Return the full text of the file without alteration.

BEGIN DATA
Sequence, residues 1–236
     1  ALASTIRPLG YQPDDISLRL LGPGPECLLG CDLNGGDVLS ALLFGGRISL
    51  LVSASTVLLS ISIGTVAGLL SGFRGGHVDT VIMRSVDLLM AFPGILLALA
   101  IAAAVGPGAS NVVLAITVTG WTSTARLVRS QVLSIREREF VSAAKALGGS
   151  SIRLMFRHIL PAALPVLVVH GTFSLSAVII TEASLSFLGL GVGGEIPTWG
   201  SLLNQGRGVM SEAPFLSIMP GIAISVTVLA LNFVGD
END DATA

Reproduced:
Sequence, residues 1–236
     1  ALASTIRPLG YQPDDISLRL LGPGPECLLG CDLNGGDVLS ALLFGGRISL
    51  LVSASTVLLS ISIGTVAGLL SGFRGGHVDT VIMRSVDLLM AFPGILLALA
   101  IAAAVGPGAS NVVLAITVTG WTSTARLVRS QVLSIREREF VSAAKALGGS
   151  SIRLMFRHIL PAALPVLVVH GTFSLSAVII TEASLSFLGL GVGGEIPTWG
   201  SLLNQGRGVM SEAPFLSIMP GIAISVTVLA LNFVGD